Media Contact:Laura Blank
BANDA ACEH, Indonesia (11 April, 2012) — Emergency relief staff with aid agency World Vision are on standby after one of the largest earthquakes to hit Asia since the 2004 Asian tsunami struck off the coast of Indonesia. The latest quake measuring 8.8 struck 430 km from Banda Aceh, the capital of the province of Aceh and resulted in a pan-Indian Ocean tsunami warning that sent people in Aceh running for the hills. A tsunami warning was also issued in Southern Thailand, which was struck by the 2004 Asian tsunami and then resulted in the deaths of thousands of people.
Billy Sumuan, Humanitarian and Emergencies director for World Vision in Indonesia, said : “Everyone is in a state of nervousness. We have been in touch with our project staff in Aceh and they reported that everyone was running for higher ground. People in Aceh remember the tsunami like it was yesterday. It has been burned into our minds because so many people lost loved ones and because whole towns were literally wiped off the face of the earth. No one who lived through that takes these warnings lightly.”
Speaking from Aceh, Sumatra and Java operations director Charles Asinaga told colleagues in Jakarta: “There was a real sense of panic after the quake struck. People crowded the streets to flee the coast. The telephone lines are still clogged with people phoning loved ones. It’s very difficult to get information. We are waiting for news from the cities on the coastal areas, including southern parts of the province like Meulaboh and the small islands near the epicenter.”
World Vision has a permanent team of emergency responders ready to deploy not just in Indonesia but in all nations at-risk from this current potential tsunami, as well as a humanitarian and emergencies operating base in Singapore. World Vision staff are reporting tremors in Sri Lanka, Nepal, Singapore, Malaysia and India -some offices have been evacuated and are moving to higher ground. The situation is being monitored closely.
“We have teams on standby across those countries who have so far been impacted or at threat of tsunami damage. Communities have been alerted and it is our priority to secure the safety of children and the vulnerable,” says Geoff Shepherd, World Vision Humanitarian and Emergency Affairs Director, Asia Pacific.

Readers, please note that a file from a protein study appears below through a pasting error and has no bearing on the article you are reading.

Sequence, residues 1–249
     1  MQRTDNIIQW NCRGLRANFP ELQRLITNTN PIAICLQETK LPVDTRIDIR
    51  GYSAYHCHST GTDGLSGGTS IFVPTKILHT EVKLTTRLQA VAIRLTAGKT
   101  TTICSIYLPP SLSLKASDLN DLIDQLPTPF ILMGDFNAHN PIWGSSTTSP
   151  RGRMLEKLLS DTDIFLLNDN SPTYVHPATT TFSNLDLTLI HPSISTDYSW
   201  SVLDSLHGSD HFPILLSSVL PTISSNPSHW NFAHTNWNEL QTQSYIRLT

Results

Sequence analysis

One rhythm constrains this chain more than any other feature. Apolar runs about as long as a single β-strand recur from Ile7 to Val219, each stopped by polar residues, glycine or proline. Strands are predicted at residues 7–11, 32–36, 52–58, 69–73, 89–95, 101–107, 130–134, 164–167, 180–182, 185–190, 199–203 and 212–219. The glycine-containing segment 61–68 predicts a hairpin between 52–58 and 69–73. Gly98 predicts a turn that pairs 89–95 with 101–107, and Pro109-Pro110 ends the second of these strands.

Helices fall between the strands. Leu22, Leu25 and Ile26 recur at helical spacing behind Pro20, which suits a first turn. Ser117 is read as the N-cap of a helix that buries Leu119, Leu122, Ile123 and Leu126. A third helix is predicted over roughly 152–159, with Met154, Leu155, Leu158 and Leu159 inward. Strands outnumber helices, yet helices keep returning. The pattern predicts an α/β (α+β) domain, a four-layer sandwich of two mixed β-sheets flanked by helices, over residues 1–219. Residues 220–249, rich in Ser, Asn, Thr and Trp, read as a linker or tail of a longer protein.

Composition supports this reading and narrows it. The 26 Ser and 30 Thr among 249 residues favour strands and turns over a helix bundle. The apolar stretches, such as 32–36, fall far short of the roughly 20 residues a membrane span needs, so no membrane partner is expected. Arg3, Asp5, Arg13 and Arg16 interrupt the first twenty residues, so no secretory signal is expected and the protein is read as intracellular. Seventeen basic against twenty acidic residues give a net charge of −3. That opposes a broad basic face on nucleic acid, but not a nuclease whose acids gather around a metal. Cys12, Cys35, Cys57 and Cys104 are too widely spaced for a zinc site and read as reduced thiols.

Typically World Vision works closely with local authorities, the government, the UN and other NGOs to determine the needs after any major catastrophe. These include providing tents, kitchen sets, food and water. Humanitarian workers including logistics and procurement staff are ready to be deployed if the earthquake impacts communities.
- END -
After the 2004 disaster, World Vision raised more than USD$350 million with programming covering not just the immediate relief phase but assisting with recovery and rehabilitation over five years. Part of the programming improved disaster resilience. Some 150,000 were helped in Aceh.
The 9.1 2004 quake resulted in a series of tsunamis that struck the coasts of Aceh, Indonesia, Sri Lanka, India, Thailand and a series of other countries, including as far away as Africa. Some 230,000 people died, 130,000 of them in Aceh. More than half a million people were displaced; villages and livelihoods were shattered.
In Indonesia’s Aceh province, World Vision has development programmes focusing on education as well as on the island of Nias where 5,000 children are supported through sponsorship. World Vision staff are reporting tremors in Sri Lanka, Nepal, Singapore, Malaysia and India. Some offices have been evacuated and are moving to higher ground. The situation is being monitored closely..
About World Vision:
World Vision is a Christian humanitarian organization dedicated to working with children, families, and their communities worldwide reach their full potential by tackling the causes of poverty and injustice. We serve the world's poor — regardless of religion, race, ethnicity or gender. For more information on their efforts, visit WorldVision.org/press or follow them on Twitter at @WorldVisionNews